Lisa Mullins: I am Lisa Mullins, and this is The World. Secretary of State Hillary Clinton arrived in Myanmar today. Mrs. Clinton is on a 2-day visit to the country which is also known as Burma. It's the first trip by such a senior American official in close to 50 years. That's how long Burma and its repressive military leaders have been isolated from the rest of the globe. But as Secretary Clinton noted today, recent political openings allowed by the military could herald a new era for Myanmar.
Hillary Clinton: Obviously, we and many other nations are quite hopeful that these 'flickers of progress' as President Obama called them will be ignited into a movement for change that will benefit the people of the country.
Mullins: Steven Lee Myers of the New York Times is travelling with Secretary Clinton. He is in the Burmese administrative capital Nay Pyi Taw.
Steven Lee Myers: Secretary of State Clinton came here to try to test the depth of the changes that have been taking place here over the last few months, to get a sense, I think, of whether or not there's a genuine commitment to loosening what is really one of the most autocratic governments in the world.
Mullins: Why specifically would the government of Myanmar, or Burma, be making these moves now...be making these overtures? And why would Washington want to seize the opportunity?
Myers: I think there are many factors at work here. I've talked to many people in the administration about this over the last couple of months and they see what's happening here as a reflection of the country's willingness to kind of catch up with the rest of Southeast Asia and the world. This was a very isolated country and it fell far behind its neighbors like Thailand, let alone Singapore, Korea, or Japan. Another main factor is Burma's or Myanmar's only friend for years has been China and I think, at least, many people in the administration have said that they think that Myanmar's new President may be looking to ease the dependence on China a little bit.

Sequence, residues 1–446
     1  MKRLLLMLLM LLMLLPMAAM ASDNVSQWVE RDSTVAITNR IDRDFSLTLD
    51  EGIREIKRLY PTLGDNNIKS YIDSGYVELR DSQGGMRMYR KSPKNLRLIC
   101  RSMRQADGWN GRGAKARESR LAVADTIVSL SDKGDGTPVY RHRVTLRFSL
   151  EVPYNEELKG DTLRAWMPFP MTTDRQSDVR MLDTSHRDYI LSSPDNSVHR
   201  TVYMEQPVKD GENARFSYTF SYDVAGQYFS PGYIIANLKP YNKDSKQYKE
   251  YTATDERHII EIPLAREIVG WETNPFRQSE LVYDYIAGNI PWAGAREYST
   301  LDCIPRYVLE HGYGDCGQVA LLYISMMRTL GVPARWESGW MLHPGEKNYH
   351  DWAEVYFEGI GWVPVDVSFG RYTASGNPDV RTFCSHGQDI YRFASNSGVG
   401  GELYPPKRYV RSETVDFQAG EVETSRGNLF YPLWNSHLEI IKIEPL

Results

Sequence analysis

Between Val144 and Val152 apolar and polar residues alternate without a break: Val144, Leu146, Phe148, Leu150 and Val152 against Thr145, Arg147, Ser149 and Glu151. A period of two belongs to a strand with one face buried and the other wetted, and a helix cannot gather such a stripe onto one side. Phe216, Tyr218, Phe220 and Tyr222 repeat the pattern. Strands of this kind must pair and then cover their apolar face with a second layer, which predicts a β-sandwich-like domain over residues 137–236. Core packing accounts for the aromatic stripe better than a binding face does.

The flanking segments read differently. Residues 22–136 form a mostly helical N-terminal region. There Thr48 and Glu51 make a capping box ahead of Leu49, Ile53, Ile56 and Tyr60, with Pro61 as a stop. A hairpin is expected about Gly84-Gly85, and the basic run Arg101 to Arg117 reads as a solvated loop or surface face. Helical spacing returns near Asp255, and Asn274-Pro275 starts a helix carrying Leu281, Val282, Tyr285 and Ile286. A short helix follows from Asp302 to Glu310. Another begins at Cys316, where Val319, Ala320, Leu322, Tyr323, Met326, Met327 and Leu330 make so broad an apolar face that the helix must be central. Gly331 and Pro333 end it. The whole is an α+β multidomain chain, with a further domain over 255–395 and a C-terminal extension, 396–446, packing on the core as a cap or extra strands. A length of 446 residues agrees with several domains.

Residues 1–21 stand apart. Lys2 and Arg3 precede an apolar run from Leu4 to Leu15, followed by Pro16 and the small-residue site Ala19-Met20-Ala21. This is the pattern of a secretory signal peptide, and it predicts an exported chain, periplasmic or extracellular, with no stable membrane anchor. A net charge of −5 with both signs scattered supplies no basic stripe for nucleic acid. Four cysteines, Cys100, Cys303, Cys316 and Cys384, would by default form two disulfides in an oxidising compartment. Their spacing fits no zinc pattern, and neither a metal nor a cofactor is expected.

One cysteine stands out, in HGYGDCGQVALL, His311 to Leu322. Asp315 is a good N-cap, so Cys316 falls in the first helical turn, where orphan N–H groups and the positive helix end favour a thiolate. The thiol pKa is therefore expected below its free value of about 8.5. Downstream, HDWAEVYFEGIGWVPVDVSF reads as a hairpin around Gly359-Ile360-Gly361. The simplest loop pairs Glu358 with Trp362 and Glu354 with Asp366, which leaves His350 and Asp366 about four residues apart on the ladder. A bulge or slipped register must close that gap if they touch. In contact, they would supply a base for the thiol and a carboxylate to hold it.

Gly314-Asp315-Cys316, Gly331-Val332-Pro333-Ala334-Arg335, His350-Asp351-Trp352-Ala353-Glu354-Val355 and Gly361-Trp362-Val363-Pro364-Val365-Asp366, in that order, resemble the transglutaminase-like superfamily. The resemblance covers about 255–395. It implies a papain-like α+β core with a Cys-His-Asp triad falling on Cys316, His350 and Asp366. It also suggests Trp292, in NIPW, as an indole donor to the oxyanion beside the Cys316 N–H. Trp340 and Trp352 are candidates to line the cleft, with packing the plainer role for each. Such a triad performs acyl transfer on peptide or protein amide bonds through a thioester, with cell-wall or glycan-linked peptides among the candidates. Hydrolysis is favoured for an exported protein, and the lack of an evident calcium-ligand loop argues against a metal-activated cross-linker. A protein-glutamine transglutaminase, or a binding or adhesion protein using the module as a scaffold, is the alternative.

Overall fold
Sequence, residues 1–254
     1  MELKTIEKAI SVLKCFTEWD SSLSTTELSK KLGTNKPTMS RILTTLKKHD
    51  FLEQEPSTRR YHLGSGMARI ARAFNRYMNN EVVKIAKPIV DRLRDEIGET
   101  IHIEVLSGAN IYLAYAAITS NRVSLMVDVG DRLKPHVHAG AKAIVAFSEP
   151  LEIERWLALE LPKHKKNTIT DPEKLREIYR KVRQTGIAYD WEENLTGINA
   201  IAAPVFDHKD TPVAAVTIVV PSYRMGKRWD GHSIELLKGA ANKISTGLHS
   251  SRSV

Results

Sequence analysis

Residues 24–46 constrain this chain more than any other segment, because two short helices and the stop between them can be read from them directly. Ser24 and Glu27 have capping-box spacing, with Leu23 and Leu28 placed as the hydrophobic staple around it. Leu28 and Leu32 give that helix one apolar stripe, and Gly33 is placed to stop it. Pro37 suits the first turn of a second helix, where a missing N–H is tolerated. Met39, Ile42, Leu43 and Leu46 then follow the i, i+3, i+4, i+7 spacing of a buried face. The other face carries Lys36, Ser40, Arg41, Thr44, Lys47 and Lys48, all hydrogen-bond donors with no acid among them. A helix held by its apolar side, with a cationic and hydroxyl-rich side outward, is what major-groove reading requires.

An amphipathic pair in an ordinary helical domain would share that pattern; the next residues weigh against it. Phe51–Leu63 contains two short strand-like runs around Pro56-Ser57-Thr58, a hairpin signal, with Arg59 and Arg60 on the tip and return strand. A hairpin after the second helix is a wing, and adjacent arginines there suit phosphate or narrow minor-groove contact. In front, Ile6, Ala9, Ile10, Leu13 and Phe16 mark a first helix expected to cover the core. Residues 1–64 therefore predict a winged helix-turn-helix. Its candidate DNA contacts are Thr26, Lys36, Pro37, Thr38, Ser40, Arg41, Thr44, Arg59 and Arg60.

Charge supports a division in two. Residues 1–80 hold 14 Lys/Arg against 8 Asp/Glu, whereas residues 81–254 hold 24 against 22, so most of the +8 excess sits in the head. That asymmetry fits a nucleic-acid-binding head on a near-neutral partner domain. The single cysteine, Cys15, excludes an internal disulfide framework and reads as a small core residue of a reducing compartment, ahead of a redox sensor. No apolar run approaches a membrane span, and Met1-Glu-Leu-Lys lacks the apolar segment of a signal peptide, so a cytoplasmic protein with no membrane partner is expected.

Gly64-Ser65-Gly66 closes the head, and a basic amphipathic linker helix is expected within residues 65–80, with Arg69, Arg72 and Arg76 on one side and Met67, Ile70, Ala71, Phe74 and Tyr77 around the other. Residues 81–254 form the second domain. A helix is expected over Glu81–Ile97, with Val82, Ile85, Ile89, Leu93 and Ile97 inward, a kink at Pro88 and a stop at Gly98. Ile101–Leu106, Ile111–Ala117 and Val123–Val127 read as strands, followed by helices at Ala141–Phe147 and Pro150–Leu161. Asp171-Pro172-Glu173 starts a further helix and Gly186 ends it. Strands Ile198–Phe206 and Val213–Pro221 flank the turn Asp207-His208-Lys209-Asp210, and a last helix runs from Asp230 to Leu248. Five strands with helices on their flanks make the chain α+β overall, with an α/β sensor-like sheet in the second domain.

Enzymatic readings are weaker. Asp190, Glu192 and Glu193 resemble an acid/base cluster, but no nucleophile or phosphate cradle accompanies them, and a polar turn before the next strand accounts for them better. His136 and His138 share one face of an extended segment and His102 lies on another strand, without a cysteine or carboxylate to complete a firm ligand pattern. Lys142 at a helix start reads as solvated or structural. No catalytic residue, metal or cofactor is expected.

Mullins: What is America's interest?
Myers: You know, America's interest I think is two-fold. I mean, there's the geo-political aspect of course in terms of managing rising economic and political power in China. But, the other factor which I don't think you can discount is the cause of Burma is very important to America, to members in Congress, to celebrities, to people who have followed Aung San Suu Kyi's resistance over the years. That resonates with a lot of people back home who favor democracy in everything. So I think it's two-fold for the administration. I mean, there is this larger regional geo-political concern, but I think also just a genuine desire to help the democratic aspirations of the Burmese people.
Mullins: And just one more quick reflection on being there... You're not in Yangon which is the former capital. You're in a new capital that was basically, seemingly built overnight.
Myers: It was, and coming in... I've been in places like this, repressive countries before, but driving in you don't see signs of modern life. It's still a place where you see water buffaloes and farmers on the side of the road. There's just not a city to speak of here in the sense that you and I would understand it. It seems like a very isolated, remote capital of a country that is somewhat behind. We just came here from South Korea and we were in Busan - - it's just another world compared to this.
Mullins: All right. Speaking to us from the administrative capital of Burma - Nay Pyi Taw, Steven Lee Myers of the New York Times. Thank you.
Myers: Thank you.